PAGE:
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Now is the time to be “For” transit

The undersigned advocates for equity and inclusion and various members of the Nashville for All of Us steering committee support the transit plan and encourage everyone to vote “For” the referendum between now and May 1st. While there are a variety of needs we must address as a city to stem the tide of gentrification, inequity, and poverty, creating a mass transit system in Nashville is one of the most drastic steps we can take to reach that goal.

Nashville cannot hope to manage the enormous population boom that it will experience over the next 20 years without mass transit. If we cannot move people around affordably and efficiently, we will cease to progress as a city; Nashville will have truly failed its residents, businesses, and visitors.

As difficult as that would be for everyone, the brunt of that failure would be felt by those who make this city work; by those who serve in Nashville’s robust hospitality industry; by those literally changing the face of Nashville through development/construction; by the teachers who prepare our kids for the future, the first responders who keep us safe, and the healthcare staff who care for us; by those taking a huge risk to start their own businesses; by those paid minimum wage, struggling to make ends meet; by those working in the civic/social sectors of our society who assist those in great need; and by our friends, family, and colleagues who are trying to make a life here.

Like many Nashvillians, we are frustrated that this referendum does not include a comprehensive plan and funding source for affordable housing. Yet, we believe this transit plan will address one of this city’s most intractable barriers to equity and inclusion. Therefore, voting against transit’s success now, in the hopes that we will get both transit and affordable housing at some point in the future, is a risk we just cannot take.

That being said, the fact that Nashville has not come up with a comprehensive affordable housing plan that will confront the overwhelming need this city has is incredibly disappointing. We need to hold our government representatives and business/community leaders accountable for this delinquency. If we can push through a transit plan with a price tag in the billions of dollars, we can come up with an affordable housing plan at a fraction of a fraction of that cost. Creating mass transit is only one battle we need to win to banish the inequities in Nashville’s current infrastructure. However, it is a critical first step.

Also, while we respect the opinions of those folks who have legitimate issues with the transit plan, we cannot respect the motivations behind the out-of- state interest groups funding the (Lee Beaman supported) campaign to kill the referendum. N4AOU faced these same people when they tried to pass English Only. Now, just like then, their goal is to stifle progress in this city. Now, just like then, most of their funding is coming from out-of- state interest groups with the help of a handful of locals. Now, just like then, they are misstating facts and trying to confuse voters. But, if you are tired of hearing different groups saying they’re right and others are wrong, you don’t have to listen to anyone’s opinion (theirs or ours). Go to the following link, read the transit plan, and decide for yourself: Transit Plan link.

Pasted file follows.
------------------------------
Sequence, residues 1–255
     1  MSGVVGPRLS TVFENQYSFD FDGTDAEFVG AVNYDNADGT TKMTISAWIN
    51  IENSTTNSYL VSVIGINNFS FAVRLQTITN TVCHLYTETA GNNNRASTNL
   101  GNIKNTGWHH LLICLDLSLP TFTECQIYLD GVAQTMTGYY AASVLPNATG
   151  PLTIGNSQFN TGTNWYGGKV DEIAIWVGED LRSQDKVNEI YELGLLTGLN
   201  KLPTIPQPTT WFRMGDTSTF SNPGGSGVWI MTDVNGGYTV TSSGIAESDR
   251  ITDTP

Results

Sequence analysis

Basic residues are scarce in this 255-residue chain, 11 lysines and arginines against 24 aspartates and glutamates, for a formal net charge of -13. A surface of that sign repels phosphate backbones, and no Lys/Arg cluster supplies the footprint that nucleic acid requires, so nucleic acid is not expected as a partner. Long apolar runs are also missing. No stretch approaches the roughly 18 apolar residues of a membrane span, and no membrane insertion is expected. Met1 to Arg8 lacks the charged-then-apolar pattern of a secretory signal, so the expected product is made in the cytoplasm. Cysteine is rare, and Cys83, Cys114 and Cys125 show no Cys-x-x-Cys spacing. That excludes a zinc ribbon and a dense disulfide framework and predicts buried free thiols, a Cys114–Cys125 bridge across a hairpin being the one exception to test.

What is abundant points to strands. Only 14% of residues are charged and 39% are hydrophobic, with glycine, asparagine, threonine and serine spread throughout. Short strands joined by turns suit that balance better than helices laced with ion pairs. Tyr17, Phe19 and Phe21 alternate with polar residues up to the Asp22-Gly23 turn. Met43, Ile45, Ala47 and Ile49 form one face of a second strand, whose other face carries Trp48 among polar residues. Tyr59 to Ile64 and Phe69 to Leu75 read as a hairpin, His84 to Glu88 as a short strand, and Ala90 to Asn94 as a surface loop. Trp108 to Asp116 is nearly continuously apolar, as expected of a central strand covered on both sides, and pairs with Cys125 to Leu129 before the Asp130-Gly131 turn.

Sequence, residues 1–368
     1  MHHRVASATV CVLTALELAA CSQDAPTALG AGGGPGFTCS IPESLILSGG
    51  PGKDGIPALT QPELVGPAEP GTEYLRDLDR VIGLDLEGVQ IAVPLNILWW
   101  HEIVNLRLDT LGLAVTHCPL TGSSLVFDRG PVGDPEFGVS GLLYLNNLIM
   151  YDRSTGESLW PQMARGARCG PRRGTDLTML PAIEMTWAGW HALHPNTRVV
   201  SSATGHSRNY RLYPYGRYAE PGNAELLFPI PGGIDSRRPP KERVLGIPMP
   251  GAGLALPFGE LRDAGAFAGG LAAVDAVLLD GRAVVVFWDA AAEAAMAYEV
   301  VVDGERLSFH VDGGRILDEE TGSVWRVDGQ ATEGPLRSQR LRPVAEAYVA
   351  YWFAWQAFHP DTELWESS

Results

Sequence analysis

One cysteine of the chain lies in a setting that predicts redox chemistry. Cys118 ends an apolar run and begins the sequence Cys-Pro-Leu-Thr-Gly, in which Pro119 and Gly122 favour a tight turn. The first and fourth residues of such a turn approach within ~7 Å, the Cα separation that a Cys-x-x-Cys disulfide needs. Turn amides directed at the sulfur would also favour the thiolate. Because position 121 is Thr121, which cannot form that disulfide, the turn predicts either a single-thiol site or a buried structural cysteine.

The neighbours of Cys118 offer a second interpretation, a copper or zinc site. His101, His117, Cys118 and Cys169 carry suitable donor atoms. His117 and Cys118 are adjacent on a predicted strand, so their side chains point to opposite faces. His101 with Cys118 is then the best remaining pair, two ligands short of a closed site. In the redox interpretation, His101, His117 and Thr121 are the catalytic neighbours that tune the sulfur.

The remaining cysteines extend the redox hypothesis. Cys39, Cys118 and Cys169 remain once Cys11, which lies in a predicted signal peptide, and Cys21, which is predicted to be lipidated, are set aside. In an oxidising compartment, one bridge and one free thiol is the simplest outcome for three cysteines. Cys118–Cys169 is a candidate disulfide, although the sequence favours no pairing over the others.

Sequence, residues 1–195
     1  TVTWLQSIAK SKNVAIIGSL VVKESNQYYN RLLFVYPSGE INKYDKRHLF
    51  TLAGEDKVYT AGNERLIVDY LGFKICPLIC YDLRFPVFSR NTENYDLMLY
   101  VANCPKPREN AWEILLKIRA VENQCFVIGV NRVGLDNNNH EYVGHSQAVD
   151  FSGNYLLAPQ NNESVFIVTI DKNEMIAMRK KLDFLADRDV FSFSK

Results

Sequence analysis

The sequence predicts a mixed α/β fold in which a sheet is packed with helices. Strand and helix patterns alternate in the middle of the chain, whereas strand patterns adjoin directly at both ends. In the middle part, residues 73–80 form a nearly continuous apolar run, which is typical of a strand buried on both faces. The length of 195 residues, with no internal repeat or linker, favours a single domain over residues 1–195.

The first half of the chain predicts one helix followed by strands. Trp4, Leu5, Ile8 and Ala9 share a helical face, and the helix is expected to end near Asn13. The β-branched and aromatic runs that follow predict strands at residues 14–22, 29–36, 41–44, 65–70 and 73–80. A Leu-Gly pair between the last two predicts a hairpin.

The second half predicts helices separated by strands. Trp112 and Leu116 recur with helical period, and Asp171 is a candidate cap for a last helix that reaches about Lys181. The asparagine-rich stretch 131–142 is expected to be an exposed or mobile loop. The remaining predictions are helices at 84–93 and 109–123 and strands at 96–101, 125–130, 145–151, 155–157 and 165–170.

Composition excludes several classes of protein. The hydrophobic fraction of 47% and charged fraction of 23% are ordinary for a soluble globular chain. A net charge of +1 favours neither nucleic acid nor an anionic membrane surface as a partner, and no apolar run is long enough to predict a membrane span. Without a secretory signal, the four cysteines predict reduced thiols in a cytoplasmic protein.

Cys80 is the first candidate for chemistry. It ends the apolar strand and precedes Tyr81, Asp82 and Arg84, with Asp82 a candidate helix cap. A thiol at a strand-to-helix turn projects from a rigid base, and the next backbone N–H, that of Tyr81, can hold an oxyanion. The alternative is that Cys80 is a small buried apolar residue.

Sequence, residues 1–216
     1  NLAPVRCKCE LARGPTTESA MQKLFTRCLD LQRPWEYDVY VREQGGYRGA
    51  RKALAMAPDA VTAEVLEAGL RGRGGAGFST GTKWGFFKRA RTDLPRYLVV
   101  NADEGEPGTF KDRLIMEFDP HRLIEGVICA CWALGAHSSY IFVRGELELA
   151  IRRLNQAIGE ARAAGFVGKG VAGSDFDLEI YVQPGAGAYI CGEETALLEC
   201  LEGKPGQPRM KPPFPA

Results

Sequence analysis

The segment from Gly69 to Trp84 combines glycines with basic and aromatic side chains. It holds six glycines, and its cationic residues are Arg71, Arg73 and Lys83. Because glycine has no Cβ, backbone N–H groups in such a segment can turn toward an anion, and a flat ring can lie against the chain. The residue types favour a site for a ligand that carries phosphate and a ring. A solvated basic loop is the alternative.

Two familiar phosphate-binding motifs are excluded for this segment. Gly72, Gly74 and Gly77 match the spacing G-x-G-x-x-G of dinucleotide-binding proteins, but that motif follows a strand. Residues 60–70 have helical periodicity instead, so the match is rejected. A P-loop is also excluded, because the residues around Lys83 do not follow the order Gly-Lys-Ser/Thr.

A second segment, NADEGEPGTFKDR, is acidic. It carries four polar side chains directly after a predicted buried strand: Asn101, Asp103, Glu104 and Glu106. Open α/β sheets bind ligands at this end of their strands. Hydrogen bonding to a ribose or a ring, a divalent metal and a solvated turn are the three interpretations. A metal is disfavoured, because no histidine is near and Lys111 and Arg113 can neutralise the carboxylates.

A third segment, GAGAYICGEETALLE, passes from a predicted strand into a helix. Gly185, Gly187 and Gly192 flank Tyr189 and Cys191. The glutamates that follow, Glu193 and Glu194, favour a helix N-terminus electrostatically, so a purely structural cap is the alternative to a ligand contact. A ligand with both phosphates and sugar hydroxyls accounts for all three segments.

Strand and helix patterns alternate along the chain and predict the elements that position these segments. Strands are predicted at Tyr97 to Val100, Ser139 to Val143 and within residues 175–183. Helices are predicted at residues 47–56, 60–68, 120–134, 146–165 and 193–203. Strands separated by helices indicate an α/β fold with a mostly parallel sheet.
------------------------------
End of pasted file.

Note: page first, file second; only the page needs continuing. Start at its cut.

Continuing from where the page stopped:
When Nashville for All of Us was developing the white paper for equity and inclusion during the Nashville Next process, we talked to people who had trouble finding and keeping jobs and accessing necessary goods and services due to the lack of a mass transit system. One refugee who had been in the city just over a year was quoted in the report saying, “Not having a car is like not having feet.” If that was true six years ago when the report was created, imagine this city in the coming decades as it grows by hundreds of thousands of people.

The future is in your hands, Nashville. So, get out and vote!

Kenny Byrd
Mark Eatherly
Stephen Fotopulos
Tasha French Lemley
Mohamed-Shukri Issack Hassan
Dan Hogan
Tom Negri
Avi Poster
Randy Rayburn
Chris Sanders
Pat Shea
Renata Soto
David Taylor
Hedy Weinberg
Stephen Zralek

This statement is the opinion of the individuals listed above. Nashville for All of Us as a group has not taken a position on the transit vote.

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Vote for a welcoming Nashville on August 4

It is time once again to make your voices heard in support of a welcoming and inclusive Nashville!  Early voting is now taking place in the races for Mayor, Vice-Mayor, and Metro Council, and Election Day — August 4 — will be here soon.  These elections will help chart the course for our city’s future.  Use your votes in all of the races and keep Nashville a city in which every voice is heard!
Nashville For All of Us recently asked all of the candidates in Metro elections to join us in our commitment to ensure Nashville is a productive, just, and welcominig city where all residents are valued. We asked the candidates to affirm the following pledge:
As a candidate for the Nashville Metro Council, I pledge that I will support a Nashville that is built on shared values and aspirations; is committed to inclusivity, equality, and the ethical and moral treatment of all residents; encourages and values the contributions of all citizens; makes its services and benefits accessible to all; embraces every resident’s inherent worth and dignity; and encourages civil and respectful public discourse among its residents and their representatives.
 
We are pleased that these candidates have committed to supporting this vision for our city:
Candidate Office Incumbent (I) Candidate Office Incumbent (I)
Karl Dean Mayor I David Glasgow District 18
Diane Neighbors Vice Mayor I Erica Gilmore District 19 I
Megan Barry At-Large I Curt Wallen District 19
Renard Francois At-Large Buddy Baker District 20 I
Jerry Maynard At-Large I J. Gower Mills District 20
Donald Ray McFolin At-Large Mary Carolyn Roberts District 20
Don O’Donniley At-Large Seanna Brandmeir District 22
Ronnie Steine At-Large I Emily Evans District 23 I
Sajid W. Usmani At-Large Jason Holleman District 24 I
Lonnell Matthews, Jr. District 1 I Sarah Lodge Tally District 24
Frank Harrison District 2 I James Michael Kaminski District 25
DeCosta Hastings District 2 Sean McGuire District 25 I
Brady Banks District 4 Chris Harmon District 26
Eugene Batsuk District 4 Greg Dooley District 27
Scott Davis District 5 Travis Danker District 28